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Charity Care and Bad Debt

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Charity care (also known as uncompensated care) is health care provided for free or at reduced prices to low income patients. The concept of charity care has been linked to the development of hospitals. Charity care includes all the costs and write-offs associated with services rendered to individuals determined prior to service delivery to be unable to pay. A hospital may write-off all or part of the cost of providing service to such a patient. A write-off results from removing items from the accounting books. The number of Charity care cases has dropped in recent years. Potential reasons for the decline include changes in physician practice patterns and increasing financial pressures. Many hospitals do not inform their patients that charity care is available to them. “Investigators also found non-profit hospitals charging poor, uninsured patients more than they did patients with health insurance” (Day, 2006). Over half of all government reimbursement for uncompensated care comes from the federal government; most of that is provided through Medicare and Medicaid. These federal funds are a primary source of support for health care providers that serve the uninsured. (Hoffman, 2007). Increasing demand for free and low-cost health care services by uninsured patients and Medicaid beneficiaries is, along with increased competition, placing a growing financial strain on safety-net health care providers. Bad Debt is referred to as any bill submitted for payment by a third party or patient which is not paid in full and unlikely to be paid for various reasons.

While hospitals must make an effort to collect outstanding debts, many argue that current collection practices target poor and uninsured individuals who might otherwise qualify for charity care. Bad debt should include only those cases where patients were expected and able to pay but did not. Bad debt should not be considered charity care. According to research by McKinsey Quarterly, consumer bad debt resulted in more than $65 billion in uncollected healthcare revenue in 2010. This figure represents a significant portion of the more than $2.5 trillion spent on healthcare in the United States each year. The patient financial services personnel would take a look at the patient’s financial information. The patients would be required to submitted paperwork with their income statements, tax returns and possibly other bills they have to pay. The financial service person would then take all that into account and determine what category the patient would properly qualify for charity care or some other assistance program. “Some customers may never pay for the goods and services they have received. The provider should not carry the resulting Accounts Receivable on its balance sheet once it has become clear that it will not be paid. A simple process for accounting for uncollectible accounts is the direct write-off method” (Epstein, 2014). Accounting rules changed in 2011 for healthcare organizations, bad debt for healthcare organizations is shown as a deduction from revenue in a line item called Allowance for Bad Debt. (Epstein, 2014)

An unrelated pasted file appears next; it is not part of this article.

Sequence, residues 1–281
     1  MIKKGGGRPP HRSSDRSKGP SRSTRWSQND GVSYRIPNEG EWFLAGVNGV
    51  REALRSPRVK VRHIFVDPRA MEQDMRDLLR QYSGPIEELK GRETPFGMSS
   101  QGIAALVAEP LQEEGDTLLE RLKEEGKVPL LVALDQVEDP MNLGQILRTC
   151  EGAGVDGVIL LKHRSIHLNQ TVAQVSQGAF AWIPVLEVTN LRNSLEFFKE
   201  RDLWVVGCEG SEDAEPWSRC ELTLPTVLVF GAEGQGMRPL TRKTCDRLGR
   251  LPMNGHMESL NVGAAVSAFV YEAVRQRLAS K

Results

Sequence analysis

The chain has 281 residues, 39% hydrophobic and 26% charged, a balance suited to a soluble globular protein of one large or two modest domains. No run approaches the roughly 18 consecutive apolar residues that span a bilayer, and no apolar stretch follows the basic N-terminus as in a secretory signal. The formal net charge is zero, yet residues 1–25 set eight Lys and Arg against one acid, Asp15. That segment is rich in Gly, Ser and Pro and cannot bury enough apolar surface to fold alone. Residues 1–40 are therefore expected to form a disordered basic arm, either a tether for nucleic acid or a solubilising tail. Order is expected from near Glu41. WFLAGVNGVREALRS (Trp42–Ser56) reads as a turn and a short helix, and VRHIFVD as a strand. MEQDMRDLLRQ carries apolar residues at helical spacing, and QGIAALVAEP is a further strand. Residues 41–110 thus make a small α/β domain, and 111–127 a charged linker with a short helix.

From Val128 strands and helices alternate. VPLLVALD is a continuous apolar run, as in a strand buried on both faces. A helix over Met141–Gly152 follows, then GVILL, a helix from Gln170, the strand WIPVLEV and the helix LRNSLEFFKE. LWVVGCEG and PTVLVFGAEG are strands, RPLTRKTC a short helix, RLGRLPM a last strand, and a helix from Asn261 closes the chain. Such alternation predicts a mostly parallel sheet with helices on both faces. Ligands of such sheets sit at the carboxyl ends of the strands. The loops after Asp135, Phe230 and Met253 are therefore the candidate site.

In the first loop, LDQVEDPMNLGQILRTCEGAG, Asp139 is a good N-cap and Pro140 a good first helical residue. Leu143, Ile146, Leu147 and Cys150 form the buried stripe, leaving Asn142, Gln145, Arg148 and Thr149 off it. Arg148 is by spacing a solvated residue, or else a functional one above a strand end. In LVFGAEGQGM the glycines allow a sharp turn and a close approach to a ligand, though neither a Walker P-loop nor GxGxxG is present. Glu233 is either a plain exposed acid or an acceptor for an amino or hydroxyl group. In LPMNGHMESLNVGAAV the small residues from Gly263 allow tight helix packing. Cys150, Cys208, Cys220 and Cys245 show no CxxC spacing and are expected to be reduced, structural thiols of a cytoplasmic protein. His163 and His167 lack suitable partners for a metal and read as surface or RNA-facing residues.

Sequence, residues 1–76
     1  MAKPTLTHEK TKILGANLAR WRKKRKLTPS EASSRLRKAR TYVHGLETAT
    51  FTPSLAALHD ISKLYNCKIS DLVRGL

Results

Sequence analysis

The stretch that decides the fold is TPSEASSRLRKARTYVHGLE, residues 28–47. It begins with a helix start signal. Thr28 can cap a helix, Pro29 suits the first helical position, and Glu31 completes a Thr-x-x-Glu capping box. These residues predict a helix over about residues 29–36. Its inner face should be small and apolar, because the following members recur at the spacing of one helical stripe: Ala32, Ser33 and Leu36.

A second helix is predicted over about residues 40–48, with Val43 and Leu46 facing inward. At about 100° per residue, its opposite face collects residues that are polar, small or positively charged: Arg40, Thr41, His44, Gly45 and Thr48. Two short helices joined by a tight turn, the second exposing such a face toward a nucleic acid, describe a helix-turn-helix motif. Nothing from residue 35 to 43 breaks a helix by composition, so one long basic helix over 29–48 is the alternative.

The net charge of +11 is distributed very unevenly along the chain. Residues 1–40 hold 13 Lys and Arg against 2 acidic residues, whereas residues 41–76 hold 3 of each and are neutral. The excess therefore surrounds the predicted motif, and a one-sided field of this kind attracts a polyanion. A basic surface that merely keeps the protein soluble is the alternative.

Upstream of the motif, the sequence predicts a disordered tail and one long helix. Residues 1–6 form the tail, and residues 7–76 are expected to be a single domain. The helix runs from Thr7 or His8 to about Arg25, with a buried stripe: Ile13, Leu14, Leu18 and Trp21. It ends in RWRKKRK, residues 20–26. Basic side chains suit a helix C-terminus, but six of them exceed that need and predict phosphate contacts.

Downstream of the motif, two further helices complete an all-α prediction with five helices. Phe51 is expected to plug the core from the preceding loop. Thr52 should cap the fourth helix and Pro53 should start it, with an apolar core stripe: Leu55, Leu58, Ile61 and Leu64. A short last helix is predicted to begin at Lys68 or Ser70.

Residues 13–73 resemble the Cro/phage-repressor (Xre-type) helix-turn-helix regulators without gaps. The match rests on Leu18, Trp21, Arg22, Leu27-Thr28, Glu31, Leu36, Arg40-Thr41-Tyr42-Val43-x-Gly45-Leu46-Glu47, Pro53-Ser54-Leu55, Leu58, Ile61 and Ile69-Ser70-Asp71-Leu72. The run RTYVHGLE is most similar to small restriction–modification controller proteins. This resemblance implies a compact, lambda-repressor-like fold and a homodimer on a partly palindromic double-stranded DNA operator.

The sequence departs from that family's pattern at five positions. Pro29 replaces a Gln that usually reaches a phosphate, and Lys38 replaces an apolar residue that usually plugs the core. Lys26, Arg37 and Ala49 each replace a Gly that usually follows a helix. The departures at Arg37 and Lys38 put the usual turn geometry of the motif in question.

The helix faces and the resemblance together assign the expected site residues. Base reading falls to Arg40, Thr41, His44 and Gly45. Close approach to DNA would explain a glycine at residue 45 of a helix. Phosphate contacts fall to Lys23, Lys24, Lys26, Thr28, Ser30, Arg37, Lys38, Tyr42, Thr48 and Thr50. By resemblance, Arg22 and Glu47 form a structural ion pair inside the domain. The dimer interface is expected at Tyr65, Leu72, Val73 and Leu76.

Catherine Hoffman, Karyn Schwartz, Jennifer Tolbert, Allison Cook and Aimee Williams, “The Uninsured: A Primer,” Kaiser Family Foundation, October 2007 Epstein, L. & Schneider, A. (2014). Accounting for Health Care Professionals. San Diego, CA Kathleen Day, “Hospital Charity Care Is Probed: Investigators Find Nonprofits Overcharge or Deny Services,” The Washington Post, September 13, 2006 Sanders, Susan M. “Measuring Charitable Contributions: Implications for Hospital’s Tax-Exempt Status.” Hospital & Health Services Administration

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